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Cause, Definition, Types

Radioactive Decay in Chemistry

Radioactivity cause the spontaneous decay of subatomic particles like alpha, beta, and gamma rays from the nucleus of very heavy types of radioactive chemical elements or matter in the form of electromagnetic energy. This leads to the formation of new chemical elements by the radioactive nuclear reaction of periodic table elements in chemistry or physics. The radioactive decay process continues until a stable nucleus of lead or one of the isotopes of lead formed. The nucleus of the radioactive decay elements composed of two types of elementary particles like protons and neutrons which cause many nuclear reactions. Therefore, the ratio of neutron/proton or binding energy is the main cause of natural or artificial radioactivity.

Radioactive decay definition and equation of the chemical element independent of the external condition like specific heat, pressure, pH, etc, and the environment. Radioactivity was also unaffected by chemical bonding or combination and the nuclear power or energy associated with radioactive disintegration = 109 calories per mole in science.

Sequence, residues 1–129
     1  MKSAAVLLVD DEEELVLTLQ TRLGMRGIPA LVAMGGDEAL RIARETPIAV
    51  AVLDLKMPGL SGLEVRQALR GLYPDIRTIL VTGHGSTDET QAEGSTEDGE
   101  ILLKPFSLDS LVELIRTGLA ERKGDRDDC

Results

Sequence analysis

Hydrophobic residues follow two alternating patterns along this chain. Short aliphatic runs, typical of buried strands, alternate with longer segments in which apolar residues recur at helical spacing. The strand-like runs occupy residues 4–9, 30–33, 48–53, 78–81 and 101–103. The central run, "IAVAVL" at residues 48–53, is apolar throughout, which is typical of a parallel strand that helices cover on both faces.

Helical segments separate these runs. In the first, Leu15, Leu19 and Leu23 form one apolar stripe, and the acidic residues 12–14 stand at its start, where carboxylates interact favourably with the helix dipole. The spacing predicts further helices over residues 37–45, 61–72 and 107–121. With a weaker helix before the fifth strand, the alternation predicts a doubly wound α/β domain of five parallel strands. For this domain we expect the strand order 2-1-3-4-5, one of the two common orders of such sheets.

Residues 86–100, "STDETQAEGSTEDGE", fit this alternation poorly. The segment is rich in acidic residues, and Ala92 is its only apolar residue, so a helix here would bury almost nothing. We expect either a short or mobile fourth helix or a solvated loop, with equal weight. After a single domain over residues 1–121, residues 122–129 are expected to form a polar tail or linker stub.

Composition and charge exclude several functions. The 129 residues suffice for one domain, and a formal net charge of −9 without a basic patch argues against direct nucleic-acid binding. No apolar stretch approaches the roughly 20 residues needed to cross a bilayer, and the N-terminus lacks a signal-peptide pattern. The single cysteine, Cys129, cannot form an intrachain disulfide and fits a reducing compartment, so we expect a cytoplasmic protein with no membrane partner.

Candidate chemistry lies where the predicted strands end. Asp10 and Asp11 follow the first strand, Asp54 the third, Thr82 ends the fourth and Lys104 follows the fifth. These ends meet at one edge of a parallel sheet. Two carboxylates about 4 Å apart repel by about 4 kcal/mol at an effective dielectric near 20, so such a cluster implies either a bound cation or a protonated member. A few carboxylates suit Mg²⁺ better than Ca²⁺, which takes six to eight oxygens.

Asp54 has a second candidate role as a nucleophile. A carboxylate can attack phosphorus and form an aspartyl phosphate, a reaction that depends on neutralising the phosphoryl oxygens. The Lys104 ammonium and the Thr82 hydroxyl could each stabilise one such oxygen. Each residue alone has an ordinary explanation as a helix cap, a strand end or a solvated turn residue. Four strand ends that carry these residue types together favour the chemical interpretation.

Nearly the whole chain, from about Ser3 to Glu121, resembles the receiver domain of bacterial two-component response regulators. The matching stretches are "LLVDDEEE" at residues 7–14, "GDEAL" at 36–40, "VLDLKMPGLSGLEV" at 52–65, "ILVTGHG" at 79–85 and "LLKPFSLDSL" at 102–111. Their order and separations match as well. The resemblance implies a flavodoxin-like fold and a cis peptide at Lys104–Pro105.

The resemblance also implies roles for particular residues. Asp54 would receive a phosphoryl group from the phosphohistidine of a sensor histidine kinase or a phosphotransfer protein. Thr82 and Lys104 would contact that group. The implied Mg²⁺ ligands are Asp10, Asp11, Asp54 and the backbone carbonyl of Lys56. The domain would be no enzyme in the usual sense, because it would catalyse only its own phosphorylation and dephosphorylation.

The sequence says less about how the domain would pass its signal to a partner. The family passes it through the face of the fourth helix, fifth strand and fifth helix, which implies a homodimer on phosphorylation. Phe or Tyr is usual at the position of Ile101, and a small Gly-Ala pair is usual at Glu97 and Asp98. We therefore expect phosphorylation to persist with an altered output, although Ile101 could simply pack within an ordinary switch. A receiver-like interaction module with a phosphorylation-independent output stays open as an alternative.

Radioactivity, the spontaneous decay of subatomic particles from nucleus of heavy types radioactive elements

Nuclear stability and Neutron/Proton Ratio

In radioactivity, the neutron/proton or n/p ratio helps to predict the stability of the nucleus of radioactive elements in chemical science. In learning chemistry or nuclear chemistry, the below graph is obtained by plotting the atomic number of periodic table elements with the number of neutrons present in the nucleus of radioactive atoms.

Neutron to proton ratio in cause of radioactivity